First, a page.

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Prove that $$\frac{1}{3} < \sin{20°} < \frac{7}{20}$$

Attempt $$\sin60°=3\sin20°-4\sin^{3}(20°)$$ Taking $\sin20°$=x

I got the the equation as $$8x^3-6x+\sqrt{3} =0$$ But from here I am not able to do anything. Any suggestions?

Thanks! Edit-graph of p(x) enter image description here

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    $\begingroup$ Hint: if $p(x)$ is your cubic, what is $p\left( \frac 13\right)$? What is $p\left( \frac 7{20}\right)$? That, plus a quick sketch of the graph should do it. $\endgroup$ – lulu Dec 3 '18 at 14:03
  • $\begingroup$ @lulu In that region p(x) is decreasing so p(1/3)>p(x)>p(7/20) and hence $\frac{1}{3} <x<\frac{7}{20}$ $\endgroup$ – jayant98 Dec 3 '18 at 14:12
  • $\begingroup$ Well, I think this is what you are trying to prove, no? I don't see what argument you are making other than to restate the question. $\endgroup$ – lulu Dec 3 '18 at 14:13
  • $\begingroup$ Sketch the graph! What can you say about the roots of $p(x)$? Can you roughly describe their locations? $\endgroup$ – lulu Dec 3 '18 at 14:13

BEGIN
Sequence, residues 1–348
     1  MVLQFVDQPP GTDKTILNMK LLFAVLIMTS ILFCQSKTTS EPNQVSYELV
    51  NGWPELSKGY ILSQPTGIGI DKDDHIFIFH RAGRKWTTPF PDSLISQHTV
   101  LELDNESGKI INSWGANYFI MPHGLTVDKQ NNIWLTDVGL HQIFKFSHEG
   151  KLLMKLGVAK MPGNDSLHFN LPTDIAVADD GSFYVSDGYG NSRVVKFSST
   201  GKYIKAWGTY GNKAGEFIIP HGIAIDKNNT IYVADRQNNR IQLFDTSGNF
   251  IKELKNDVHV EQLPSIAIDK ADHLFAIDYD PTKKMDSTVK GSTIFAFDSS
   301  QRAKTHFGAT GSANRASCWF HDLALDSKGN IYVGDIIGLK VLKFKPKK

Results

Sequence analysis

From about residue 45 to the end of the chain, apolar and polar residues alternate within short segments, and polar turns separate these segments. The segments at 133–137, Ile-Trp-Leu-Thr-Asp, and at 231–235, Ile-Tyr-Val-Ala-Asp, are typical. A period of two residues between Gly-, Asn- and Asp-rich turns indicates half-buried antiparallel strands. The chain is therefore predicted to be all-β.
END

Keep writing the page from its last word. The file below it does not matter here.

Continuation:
• $\begingroup$ Yes this is what I was trying to prove. I wanted affirmation from your side only to be only sure about my steps. But, thanks for help. $\endgroup$ – jayant98 Dec 3 '18 at 14:15
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Let $p(x)$ denote the cubic.

Since $$\lim_{x\to - \infty}p(x)=-\infty<0\quad \quad p(0)>0\quad \quad p(.5)<0\quad \quad\lim_{x\to + \infty}p(x)=+\infty$$ we see that one root is negative, a second lies between $0$ and $.5$ and the third is greater than $.5$

Of course $\sin(20^{\circ})$ is positive and, since $0<20<30$ we see that $\sin(20^{\circ})<.5$ Thus the root we want is the middle one of the three. We then remark that $$p\left( \frac 13 \right)>0 \quad \& \quad p\left( \frac 7{20}\right)<0$$ so the root we care about must be between $\frac 13$ and $\frac {7}{20}$ and we are done.

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Mostly for fun, here's a way to show that

$$6\left(1\over3\right)-8\left(1\over3\right)^3\lt\sqrt3\lt6\left(7\over20\right)-8\left(7\over20\right)^3$$

with only a small amount of multi-digit arithmetic:

$$6\left(1\over3\right)-8\left(1\over3\right)^3=2-{8\over27}\lt2-{8\over28}=2-{2\over7}={12\over7}$$

and $12^2=144\lt147=3\cdot7^2$, which gives the first inequality, while

$$6\left(7\over20\right)-8\left(7\over20\right)^3={7\over10}\left(3-\left(7\over10\right)^2 \right)={7\over10}\left(300-49\over100 \right)\gt{7\over10}\cdot{250\over100}={7\over4}$$

and $7^2=49\gt48=3\cdot4^2$ gives the second inequality.

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  • $\begingroup$ Thanks for another way to attempt such inequalities. $\endgroup$ – jayant98 Dec 3 '18 at 16:43

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